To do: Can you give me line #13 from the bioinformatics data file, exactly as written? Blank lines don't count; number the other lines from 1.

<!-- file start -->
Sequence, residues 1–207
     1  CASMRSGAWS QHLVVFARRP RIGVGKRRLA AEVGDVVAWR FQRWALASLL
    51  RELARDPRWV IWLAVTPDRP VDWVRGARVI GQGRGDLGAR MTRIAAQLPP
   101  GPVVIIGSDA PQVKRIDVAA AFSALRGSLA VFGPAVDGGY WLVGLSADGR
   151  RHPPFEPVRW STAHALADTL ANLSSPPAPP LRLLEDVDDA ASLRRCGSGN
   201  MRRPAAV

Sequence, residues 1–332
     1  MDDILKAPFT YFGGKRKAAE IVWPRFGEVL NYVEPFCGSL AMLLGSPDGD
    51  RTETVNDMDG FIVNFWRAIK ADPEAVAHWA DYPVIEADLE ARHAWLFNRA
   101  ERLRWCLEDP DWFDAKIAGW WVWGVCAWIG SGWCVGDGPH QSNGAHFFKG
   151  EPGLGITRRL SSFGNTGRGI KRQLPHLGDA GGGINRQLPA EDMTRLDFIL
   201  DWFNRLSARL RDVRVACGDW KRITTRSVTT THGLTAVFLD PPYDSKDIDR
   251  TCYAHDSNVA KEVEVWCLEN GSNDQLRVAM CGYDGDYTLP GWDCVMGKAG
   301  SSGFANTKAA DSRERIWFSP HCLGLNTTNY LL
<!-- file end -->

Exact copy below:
   251  TCYAHDSNVA KEVEVWCLEN GSNDQLRVAM CGYDGDYTLP GWDCVMGKAG